Another thing, and I guess this is important: All that summer, my parents were fighting and talking about separating, so there was a lot of stress about that. My little brother Henry was throwing up all the time. My mom almost moved out, and then she didn’t, and then my dad started staying at my uncle Tommy’s. It was a bad time; the whole summer was kind of a disaster. I think this was another reason I hung out more with Jared. His was so “out there,” that when you were with him, you forgot about everything else. That was also the appeal of a place like Paranoid Park--you got the feeling no matter how bad your family stuff was, those guys had it worse. Those guys were true outcasts. Some of them probably lived their whole lives on the streets. You had nothing on them.
Anyway, so school started. It seemed fun for about a week and then it sucked as usual. Jared and I just got more into skating. We decided to go to Paranoid again. We planned to go on a Saturday night. That Saturday was September seventeenth.
We had it all planned. I told my mom I was going to sleep over at Jared’s so we could go early to the Winter Sports Expo. And since Jared’s mom was going to Las Vegas that weekend, we would be free to do whatever. We could stay out all night if we wanted.
The only bad thing was that Jennifer Hasselbach wanted me to come out with her that night. She was being really flirty at school, and hinting that she would do stuff. I was tempted. But I really wanted to check out Paranoid. I figured I could hang out with her another time.
So that was the plan. I would get my mom’s car. We would stay at Jared’s. And we’d go to Paranoid and see what was up.
But then there was a problem.
All that summer Jared was into this weird college girl, Kelly, who worked at the Coffee People by his house. She was supposedly a sex freak or something, but everyone said she was psycho. Jared had tried to get with her all summer but it never worked out. But then, that night, she called him from her college. She was bored, and she wanted him to come down to Corvallis and party with her. Needless to say, he said yes.
When I got to his house he was packing for the bus trip. I was so pissed. But there was nothing I could do. Jared figured this was a sure thing, and he wasn’t going to pass it up.
I sat on his bed and watched him stuff condoms in his pocket. I said how lame it was that he would blow off Paranoid for some weird girl—especially one who’d denied him all summer. He shook his head. He was sure he would get laid. He said I should call Jennifer. She seemed to want me--what was I waiting for? We’d go next weekend.
But I wasn’t that into Jennifer. What I really wanted was to go to Paranoid Park.
I drove Jared to the Greyhound station. He kept talking about how laid he was going to get. I didn’t say much. I remember feeling sad when I dropped him off. I remember wishing I had better friends.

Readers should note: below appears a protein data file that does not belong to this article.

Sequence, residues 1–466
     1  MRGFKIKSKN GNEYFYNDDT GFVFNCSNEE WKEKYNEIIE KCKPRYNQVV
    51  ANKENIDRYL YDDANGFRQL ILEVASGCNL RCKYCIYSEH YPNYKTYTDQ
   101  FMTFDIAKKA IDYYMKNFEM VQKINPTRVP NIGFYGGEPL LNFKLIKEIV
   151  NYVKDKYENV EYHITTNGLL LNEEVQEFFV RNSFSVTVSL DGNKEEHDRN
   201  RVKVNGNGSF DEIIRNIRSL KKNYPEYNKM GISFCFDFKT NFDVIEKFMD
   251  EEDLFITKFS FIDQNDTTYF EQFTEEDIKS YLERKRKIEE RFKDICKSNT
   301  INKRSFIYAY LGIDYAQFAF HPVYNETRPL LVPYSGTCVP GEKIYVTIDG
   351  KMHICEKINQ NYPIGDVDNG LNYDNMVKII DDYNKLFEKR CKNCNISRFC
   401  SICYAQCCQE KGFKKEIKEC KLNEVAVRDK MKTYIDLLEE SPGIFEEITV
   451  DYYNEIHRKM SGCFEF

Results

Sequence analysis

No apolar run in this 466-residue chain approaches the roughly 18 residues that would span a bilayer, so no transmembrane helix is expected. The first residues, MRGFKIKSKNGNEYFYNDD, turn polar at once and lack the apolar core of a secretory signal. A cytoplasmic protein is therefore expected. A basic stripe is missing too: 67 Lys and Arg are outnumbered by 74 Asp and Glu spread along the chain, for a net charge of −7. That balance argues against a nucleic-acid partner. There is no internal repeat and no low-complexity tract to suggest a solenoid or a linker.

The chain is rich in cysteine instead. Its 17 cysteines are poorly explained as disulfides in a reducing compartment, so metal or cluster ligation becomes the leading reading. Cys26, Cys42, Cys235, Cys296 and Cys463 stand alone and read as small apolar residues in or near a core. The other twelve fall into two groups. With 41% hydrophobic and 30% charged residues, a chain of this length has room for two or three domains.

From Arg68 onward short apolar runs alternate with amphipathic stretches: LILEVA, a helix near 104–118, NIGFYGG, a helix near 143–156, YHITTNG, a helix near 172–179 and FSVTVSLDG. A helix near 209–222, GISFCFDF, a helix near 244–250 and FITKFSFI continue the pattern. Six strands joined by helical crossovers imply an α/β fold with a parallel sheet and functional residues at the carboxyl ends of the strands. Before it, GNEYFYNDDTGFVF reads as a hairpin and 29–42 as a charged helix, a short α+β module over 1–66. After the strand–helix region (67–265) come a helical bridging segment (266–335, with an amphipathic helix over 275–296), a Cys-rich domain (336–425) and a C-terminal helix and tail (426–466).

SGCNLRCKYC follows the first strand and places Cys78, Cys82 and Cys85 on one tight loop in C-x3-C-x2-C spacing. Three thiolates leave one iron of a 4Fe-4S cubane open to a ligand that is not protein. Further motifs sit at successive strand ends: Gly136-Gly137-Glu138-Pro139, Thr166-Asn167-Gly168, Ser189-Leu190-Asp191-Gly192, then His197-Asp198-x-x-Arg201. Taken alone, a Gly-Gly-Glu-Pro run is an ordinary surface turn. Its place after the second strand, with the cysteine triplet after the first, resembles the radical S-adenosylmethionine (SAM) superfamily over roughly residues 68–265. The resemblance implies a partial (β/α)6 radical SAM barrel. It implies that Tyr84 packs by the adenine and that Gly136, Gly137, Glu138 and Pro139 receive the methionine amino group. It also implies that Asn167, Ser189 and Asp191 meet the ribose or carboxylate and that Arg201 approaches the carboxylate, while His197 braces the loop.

That was the thing about my high school. The normal people were boring and the few people that were cool, like Jared, were too crazy. They were fun to hang with, but they could never follow through on anything. You could never count on them.
When I dropped Jared at the bus station he gave me the key to his house, so I could still stay there. The house would be empty, so I still had everything covered. I could call Jennifer or play video games or whatever. I still had the whole night to myself.
I pulled out of the bus station and drove around. For the first time, it felt like fall that night; the air smelled like burnt wood and had that dry foggy taste to it. Other high-school kids were out, driving around; you could feel the excitement in the air of a new school year, new fashions, new music on the radio.
Eventually I got bored of driving. I still had my skateboard in the backseat, and I thought about going to Skate City. But that would suck too much. I thought about checking out Suicide Stairwell but remembered they locked it at night. And they’d fenced off the big parking garage. . . .
Then I pulled a U-turn and drove toward Paranoid Park. I don’t know what I was thinking. I wasn’t ready to go there by myself. I wasn’t good enough. But for some reason, that’s what I did.
I circled underneath the Eastside Bridge like Jared had done, but it was so dark and deserted I didn’t want to park. I didn’t want anything to happen to my mom’s car. I drove back over the bridge and parked in the nice part of downtown and then rode my skateboard across.
I found a rusty metal staircase that went down from the bridge. As I walked down, I could see the entire park spread before me. It was crowded on a Saturday night: rad skaters, hot chicks, people partying, goofing around, hanging out. I felt my heart pounding in my chest as I jumped down off the stairs. This wasn’t some high-school beer party. This was a serious scene.
I came up with a plan: I wouldn’t skate at first, I’d sit and watch and not do anything stupid. Maybe I wouldn’t skate at all; maybe I’d just scope things out for when Jared came back.